FederalTexas Congressman Draws Red Line Over Vaccine Mandates for Government Spending

GOP lawmakers say that they will not support any government spending that helps enforce COVID-19 vaccine mandates.
February 7, 2022
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With several of the Biden administration’s COVID-19 vaccine mandates still in effect — such as those affecting members of the military, federal contractors, and healthcare workers — Rep. Chip Roy (R-TX) is calling on lawmakers to block government spending that funds the enforcement of those mandates.

Roy, along with 48 other Republicans in Congress, sent a letter to the GOP leadership in each chamber pledging to refuse consideration of “any federal government funding vehicle [. . .] that funds the enforcement of COVID-19 vaccine mandates at any level of government.”

The letter comes in advance of February 18, 2022, the date through which the federal government is currently funded thanks to two continuing resolutions (CRs) that were passed by Congress last fall.

According to the top-ranking Republican in the Senate Appropriations Committee, Congress is headed toward passing another stop-gap measure to continue funding the government without any shutdowns.

Republicans like Roy — who also expressed frustration with the national debt surpassing $30 trillion — don’t want to see that funding continue to support the COVID-19 vaccine mandates.

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During a House floor speech on Friday, Roy explained his position, saying, “[W]hen members of this body or the United States Senate vote for a continuing resolution — I want every American to listen to me — when they vote for a continuing resolution to fund government, they are voting to fund the enforcement of vaccine mandates that are causing our men and women in uniform to be forced out of service, to be discharged.”

Members of the Texas delegation who signed Roy’s letter include Sen. Ted Cruz (R-TX) and Reps. Louie Gohmert (R-TX-01), Dan Crenshaw (R-TX-02), Lance Gooden (R-TX-05), Ronny Jackson (R-TX-13), Randy Weber (R-TX-14), Pete Sessions (R-TX-17), Troy Nehls (R-TX-22), Michael Cloud (R-TX-27), Michael Burgess (R-TX-26), and Brian Babin (R-TX-26).

Other Republican members from Texas who did not sign onto the letter have likewise expressed opposition to funding the enforcement of vaccine mandates, though.

“As a vocal opponent of vaccine mandates, I have led a number of efforts to extinguish this unconstitutional overreach, including leading the Texas Delegation in an Amicus Brief,” Rep. Jodey Arrington (R-TX-19) told The Texan in a statement. “Funding vaccine mandates is just one of a thousand terrible policy provisions that would compel me to vote against a government spending bill, and I am confident every Republican in the Texas Delegation feels the same.”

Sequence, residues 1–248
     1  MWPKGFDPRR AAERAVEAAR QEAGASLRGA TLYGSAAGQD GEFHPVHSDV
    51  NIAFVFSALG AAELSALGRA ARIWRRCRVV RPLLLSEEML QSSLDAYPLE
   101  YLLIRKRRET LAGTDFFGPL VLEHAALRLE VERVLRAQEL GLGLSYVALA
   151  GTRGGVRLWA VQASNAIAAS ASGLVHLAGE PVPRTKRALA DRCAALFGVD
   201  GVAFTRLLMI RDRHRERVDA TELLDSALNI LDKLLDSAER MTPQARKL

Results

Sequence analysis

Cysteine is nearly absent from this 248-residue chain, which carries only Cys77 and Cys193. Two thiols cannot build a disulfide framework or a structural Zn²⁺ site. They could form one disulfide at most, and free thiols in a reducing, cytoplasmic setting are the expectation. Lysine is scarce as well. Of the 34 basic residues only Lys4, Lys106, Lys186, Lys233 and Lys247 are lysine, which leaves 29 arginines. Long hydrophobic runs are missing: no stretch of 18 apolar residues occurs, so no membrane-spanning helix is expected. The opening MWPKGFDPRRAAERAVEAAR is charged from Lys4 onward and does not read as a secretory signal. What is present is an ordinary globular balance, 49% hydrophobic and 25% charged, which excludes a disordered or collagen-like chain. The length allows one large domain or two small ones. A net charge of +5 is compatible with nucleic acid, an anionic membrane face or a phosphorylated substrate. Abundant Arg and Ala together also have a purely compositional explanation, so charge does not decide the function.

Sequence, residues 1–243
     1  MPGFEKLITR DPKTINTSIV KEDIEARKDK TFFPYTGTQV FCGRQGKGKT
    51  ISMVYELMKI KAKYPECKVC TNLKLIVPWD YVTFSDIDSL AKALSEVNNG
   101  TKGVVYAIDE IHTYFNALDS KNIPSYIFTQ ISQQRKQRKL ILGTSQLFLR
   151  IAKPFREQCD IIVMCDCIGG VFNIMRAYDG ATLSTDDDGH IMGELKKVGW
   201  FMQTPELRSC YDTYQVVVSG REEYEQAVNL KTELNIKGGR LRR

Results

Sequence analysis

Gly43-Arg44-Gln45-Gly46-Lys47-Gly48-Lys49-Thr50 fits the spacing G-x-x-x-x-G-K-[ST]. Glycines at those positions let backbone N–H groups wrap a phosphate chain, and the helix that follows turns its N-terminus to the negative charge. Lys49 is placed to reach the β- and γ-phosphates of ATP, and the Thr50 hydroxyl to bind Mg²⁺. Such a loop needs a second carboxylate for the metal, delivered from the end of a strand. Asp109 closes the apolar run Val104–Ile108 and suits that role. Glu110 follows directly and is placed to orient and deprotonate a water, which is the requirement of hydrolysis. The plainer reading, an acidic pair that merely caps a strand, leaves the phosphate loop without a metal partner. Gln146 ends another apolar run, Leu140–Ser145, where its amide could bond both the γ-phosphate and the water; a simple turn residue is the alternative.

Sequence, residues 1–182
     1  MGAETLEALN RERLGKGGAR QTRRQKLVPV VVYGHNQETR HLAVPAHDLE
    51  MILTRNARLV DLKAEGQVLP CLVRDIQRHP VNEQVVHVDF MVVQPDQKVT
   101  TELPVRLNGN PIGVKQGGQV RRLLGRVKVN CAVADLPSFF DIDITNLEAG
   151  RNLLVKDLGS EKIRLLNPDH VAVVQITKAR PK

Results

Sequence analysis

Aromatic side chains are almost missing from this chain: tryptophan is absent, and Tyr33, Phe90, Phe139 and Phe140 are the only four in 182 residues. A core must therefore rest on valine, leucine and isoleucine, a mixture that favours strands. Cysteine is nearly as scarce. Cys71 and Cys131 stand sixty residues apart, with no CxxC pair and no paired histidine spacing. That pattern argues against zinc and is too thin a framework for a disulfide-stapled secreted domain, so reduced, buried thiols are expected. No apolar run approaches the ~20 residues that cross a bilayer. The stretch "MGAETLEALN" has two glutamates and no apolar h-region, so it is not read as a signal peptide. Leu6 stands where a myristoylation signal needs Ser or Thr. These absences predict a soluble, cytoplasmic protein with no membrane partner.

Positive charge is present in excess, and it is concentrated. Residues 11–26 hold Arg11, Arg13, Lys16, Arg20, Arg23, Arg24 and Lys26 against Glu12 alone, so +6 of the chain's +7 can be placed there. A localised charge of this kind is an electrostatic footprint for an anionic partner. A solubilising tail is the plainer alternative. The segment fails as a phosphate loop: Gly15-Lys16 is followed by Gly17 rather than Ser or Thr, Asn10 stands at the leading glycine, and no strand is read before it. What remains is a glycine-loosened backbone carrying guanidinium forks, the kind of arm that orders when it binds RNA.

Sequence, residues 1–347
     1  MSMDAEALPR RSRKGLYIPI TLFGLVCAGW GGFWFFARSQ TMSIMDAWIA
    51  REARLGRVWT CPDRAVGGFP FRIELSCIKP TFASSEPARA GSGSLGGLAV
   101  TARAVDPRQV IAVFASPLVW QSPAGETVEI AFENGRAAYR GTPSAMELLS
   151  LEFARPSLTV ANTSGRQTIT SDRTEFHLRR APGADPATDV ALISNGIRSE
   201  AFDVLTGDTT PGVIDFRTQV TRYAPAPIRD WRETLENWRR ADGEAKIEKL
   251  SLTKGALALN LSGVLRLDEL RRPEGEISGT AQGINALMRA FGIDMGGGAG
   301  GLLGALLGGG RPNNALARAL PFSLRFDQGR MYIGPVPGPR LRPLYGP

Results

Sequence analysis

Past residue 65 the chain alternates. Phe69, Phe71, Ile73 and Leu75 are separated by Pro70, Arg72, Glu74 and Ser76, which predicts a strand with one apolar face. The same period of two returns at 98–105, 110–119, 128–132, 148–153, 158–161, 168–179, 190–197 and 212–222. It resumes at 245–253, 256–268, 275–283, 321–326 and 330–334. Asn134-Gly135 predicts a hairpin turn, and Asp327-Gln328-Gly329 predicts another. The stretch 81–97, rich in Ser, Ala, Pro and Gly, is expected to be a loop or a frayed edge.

The office of Rep. August Pfluger (R-TX-11) told The Texan, “No continuing resolution should fund the unconstitutional vaccine mandate.”

The office of Rep. Roger Williams (R-TX-25) stated, “Congressman Williams has long and publicly opposed unconstitutional vaccine mandates and attempts from the federal government to override personal medical decisions. He does not sign letters on every individual issue he disagrees with in a spending bill.”

The offices of Reps. Van Taylor (R-TX-03), Pat Fallon (R-TX-04), Kevin Brady (R-TX-08), Granger (R-TX-12), Tony Gonzales (R-TX-23), Beth Van Duyne (R-TX-25), and John Carter (R-TX-31) did not respond to a request for comment.

With the sharp partisan divide in Congress, Republicans and Democrats — especially in the House — have voted largely at odds on the previous continuing resolutions to fund the government.

In September, the only House Republican from Texas to vote in favor of the CR was Gonzales. But in December — when discussion about the funding of vaccine mandates was also at the forefront — all GOP representatives from the Lone Star State voted against the measure.

Meanwhile in the Senate, Cruz voted against both CRs while Sen. John Cornyn (R-TX) voted in favor of both.

Cornyn told reporters then that he opposed attempts to stop vaccine mandate enforcement at the cost of a government shutdown, saying, “Why would we make ourselves, you know, the object of public attention by raising the specter of a government shutdown?”

Roy predicted that when the end of the current government funding rolls around, lawmakers will “come down here on the floor with some forced, last-minute CR, and then each side will go out and give their talking points about how the other side’s priorities are wrong.”

“I’m going to take every step I can in the next fourteen days to make everyone up here in Washington understand: if you vote to fund this government without stopping the vaccine mandates, you’re voting for those vaccine mandates being applied to doctors, healthcare workers, our men and women in uniform, federal contractors, border patrol — all of those people that are serving publicly trying to serve their country,” said Roy.

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Daniel Friend

Daniel Friend is the Marketing and Media Manager for The Texan. After graduating with a double-major in Political Science and Humanities, he wrote for The Texan as a reporter through June 2022. In his spare time, you're likely to find him working on The Testimony of Calvin Lewis, an Abolition of Man-inspired novel and theatrical podcast.